Hong Kong Politics & Protest

China’s new national security law sparks concern in Hong Kong

Hong Kong’s pro-democracy activists and journalists have voiced concerns over the new Chinese national security law that mentions Hong Kong for the first time, after it was passed on Wednesday.

Pan-democratic legislator Lee Cheuk-yan has asked the Hong Kong government to clarify the applicability of the national security law on Hong Kongers traveling to mainland China. Veteran journalist Bruce Lui has voiced similar concerns as to whether journalists covering sensitive topics would be considered to be violating the law.

According to Singtao, an anonymous source “close to the central government” suggested that once details of the implementation of the national security law are finalised, those advocating for Hong Kong’s independence – or an end to single-party rule – would be convicted when they enter mainland China.

Song Sio-chong (宋小莊), member of the think-tank Chinese Association of Hong Kong and Macao Studies under the Hong Kong and Macao Affairs Office, echoed the statement. Song said that the law made clear that Chinese nationals have a responsibility to protect national integrity. Because “Hong Kong is within the territory of China”, Song said that Hong Kongers who violate the new security law in Hong Kong could face prosecution upon landing in China.

alliance hong kong

Hong Kong Alliance in Support of Patriotic Democratic Movements in China press conference for June 4th. Photo: Facebook.

Lee Cheuk-yan said that the Hong Kong government needs to clarify whether Hong Kongers calling for an end to single-party rule on June 4, the anniversary of the 1989 Tiananmen massacre, would be subject to Chinese laws upon entry to mainland China. Lee said if that was the case, “all Chinese laws would be applicable in Hong Kong, because even if they do not arrest you in Hong Kong, they will still arrest you in mainland China.”

Bruce Lui, organiser of the Independent Commentators Association, said he was concerned that the passage of the law might affect journalists’ reporting in China. Lui said that journalists are often in contact with sensitive subjects, including those convicted of treason, and repost articles penned by these individuals. He questioned whether such acts would be considered as violating the law.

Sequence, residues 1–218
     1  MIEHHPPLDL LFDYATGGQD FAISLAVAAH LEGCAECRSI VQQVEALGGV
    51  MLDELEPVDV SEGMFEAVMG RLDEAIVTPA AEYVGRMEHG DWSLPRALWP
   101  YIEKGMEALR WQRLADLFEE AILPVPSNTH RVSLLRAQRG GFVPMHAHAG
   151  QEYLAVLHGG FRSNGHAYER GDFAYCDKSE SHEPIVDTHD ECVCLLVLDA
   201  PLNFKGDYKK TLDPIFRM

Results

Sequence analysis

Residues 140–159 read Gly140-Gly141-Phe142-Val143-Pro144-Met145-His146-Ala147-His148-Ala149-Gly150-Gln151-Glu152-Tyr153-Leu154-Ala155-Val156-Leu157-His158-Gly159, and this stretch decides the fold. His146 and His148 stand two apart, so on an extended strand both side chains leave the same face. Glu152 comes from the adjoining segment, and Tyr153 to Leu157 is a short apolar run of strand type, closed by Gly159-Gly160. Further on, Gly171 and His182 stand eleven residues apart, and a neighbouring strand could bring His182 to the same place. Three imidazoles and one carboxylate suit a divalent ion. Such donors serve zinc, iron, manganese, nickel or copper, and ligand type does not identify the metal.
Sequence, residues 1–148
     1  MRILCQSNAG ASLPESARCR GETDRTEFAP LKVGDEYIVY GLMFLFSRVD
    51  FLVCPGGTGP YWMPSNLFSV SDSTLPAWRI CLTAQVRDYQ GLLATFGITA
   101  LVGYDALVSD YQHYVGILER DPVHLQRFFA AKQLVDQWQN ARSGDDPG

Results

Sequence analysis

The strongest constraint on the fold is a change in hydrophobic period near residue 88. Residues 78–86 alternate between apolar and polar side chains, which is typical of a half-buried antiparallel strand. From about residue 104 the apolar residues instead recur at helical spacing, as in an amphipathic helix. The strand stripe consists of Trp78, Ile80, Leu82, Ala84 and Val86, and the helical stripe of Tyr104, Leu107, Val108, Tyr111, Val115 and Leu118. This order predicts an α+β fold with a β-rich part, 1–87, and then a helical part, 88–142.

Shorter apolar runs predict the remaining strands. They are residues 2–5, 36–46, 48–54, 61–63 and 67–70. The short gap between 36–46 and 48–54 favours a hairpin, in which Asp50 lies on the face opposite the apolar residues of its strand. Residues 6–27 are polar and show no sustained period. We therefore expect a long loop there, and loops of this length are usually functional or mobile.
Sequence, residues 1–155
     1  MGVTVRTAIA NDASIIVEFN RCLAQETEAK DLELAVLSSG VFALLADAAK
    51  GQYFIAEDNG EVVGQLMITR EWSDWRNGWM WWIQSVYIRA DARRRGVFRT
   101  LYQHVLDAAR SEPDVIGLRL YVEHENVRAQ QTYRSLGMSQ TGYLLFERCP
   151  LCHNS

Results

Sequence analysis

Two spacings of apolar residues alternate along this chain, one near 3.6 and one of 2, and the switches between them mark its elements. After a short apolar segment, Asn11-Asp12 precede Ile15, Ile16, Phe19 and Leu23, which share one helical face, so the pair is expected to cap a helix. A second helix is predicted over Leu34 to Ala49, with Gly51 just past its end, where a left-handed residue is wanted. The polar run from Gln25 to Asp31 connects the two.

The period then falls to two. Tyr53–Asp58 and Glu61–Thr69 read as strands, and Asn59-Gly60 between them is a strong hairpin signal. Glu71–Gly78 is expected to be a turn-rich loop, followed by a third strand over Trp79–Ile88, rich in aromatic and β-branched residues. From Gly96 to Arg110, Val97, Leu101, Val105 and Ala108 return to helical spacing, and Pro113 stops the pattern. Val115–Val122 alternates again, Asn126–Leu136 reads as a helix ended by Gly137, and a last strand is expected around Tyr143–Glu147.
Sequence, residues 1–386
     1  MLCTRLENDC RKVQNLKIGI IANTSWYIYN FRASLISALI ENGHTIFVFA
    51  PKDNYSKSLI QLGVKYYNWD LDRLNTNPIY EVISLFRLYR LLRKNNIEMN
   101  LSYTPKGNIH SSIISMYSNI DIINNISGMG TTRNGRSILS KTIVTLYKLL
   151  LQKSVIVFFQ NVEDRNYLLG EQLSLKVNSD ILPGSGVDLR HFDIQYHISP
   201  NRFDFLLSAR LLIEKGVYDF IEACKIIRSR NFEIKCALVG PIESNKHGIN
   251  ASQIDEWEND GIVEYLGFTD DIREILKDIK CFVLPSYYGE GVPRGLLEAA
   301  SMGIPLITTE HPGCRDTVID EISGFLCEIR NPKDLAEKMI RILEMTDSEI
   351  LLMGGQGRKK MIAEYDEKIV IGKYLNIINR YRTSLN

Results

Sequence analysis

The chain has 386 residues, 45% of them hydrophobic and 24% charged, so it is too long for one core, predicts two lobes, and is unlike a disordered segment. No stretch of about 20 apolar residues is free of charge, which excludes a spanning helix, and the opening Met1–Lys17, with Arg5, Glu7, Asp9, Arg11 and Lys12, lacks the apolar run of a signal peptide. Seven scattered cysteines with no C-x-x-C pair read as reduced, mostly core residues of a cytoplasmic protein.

During the announcement of the security law, an RTHK reporter asked whether reporters covering sensitive issues in Hong Kong such as June 4 vigil would be arrested upon entry to China. Zheng Shuna, Vice-Chairman of the Legislative Affairs Committee of the National People’s Congress, replied that the question was hypothetical and declined to give a direct response.

The Hong Kong Journalist Association and two other journalists’ groups have issued a statement to express concern over the law, and that it would increase pressure on Hong Kong to legislate Article 23.

Law professor and founder of Occupy Central Benny Tai commented that the passage of the new law “would tighten the definition of subversion in Article 23 [security law]”, since the new national security law specifically mentioned the protection of the regime and “people’s democratic dictatorship”.

Elsie Leung Oi-sie

Elsie Leung Oi-sie. Photo: Stand News via TVB News

However, Elsie Leung Oi-sie, former justice secretary, said that the new law would not be applicable to Hong Kong since it is not included in Annex III of the Basic Law. Hong Kong will only implement a national security law through legislating Article 23.

Similarly, Ip Kwok-him, who sits on China’s largely rubber-stamp parliament, said that the law cannot be directly used in Hong Kong. Ip said he did not think that Hong Kong people expressing their opinions would possibly be convicted.

The Hong Kong government wrote in a statement that the territory has the responsibility to safeguard China’s national security and to legislate Article 23. However, the administration currently has no plans to reintroduce the bill.

In the revised version of the national security law, both Article 11 and Article 40 stress Hong Kong’s responsibility to safeguard national sovereignty.

Lee Cheuk-yan is the chairperson of the Hong Kong Alliance in Support of Patriotic Democratic Movements in China. The group organises the annual June 4 vigil in Hong Kong, and one of their demands is to “end the one-party dictatorship” in China.

Elsie Leung Oi-sie is the deputy director of the national legislature’s Basic Law Committee and member of the pro-Beijing DAB party.

Ip Kwok-him is a legislator and the deputy chairman of the Beijing-friendly Democratic Alliance for the Betterment and Progress of Hong Kong, the city’s largest political party. Ip is also one of the Hong Kong deputies to the National People’s Congress.

Correction 9/1/17: A previous version of this article suggested that Benny Tai had made reference to “sedition” – in fact he spoke about “subversion.”

China's new national security law sparks concern in Hong Kong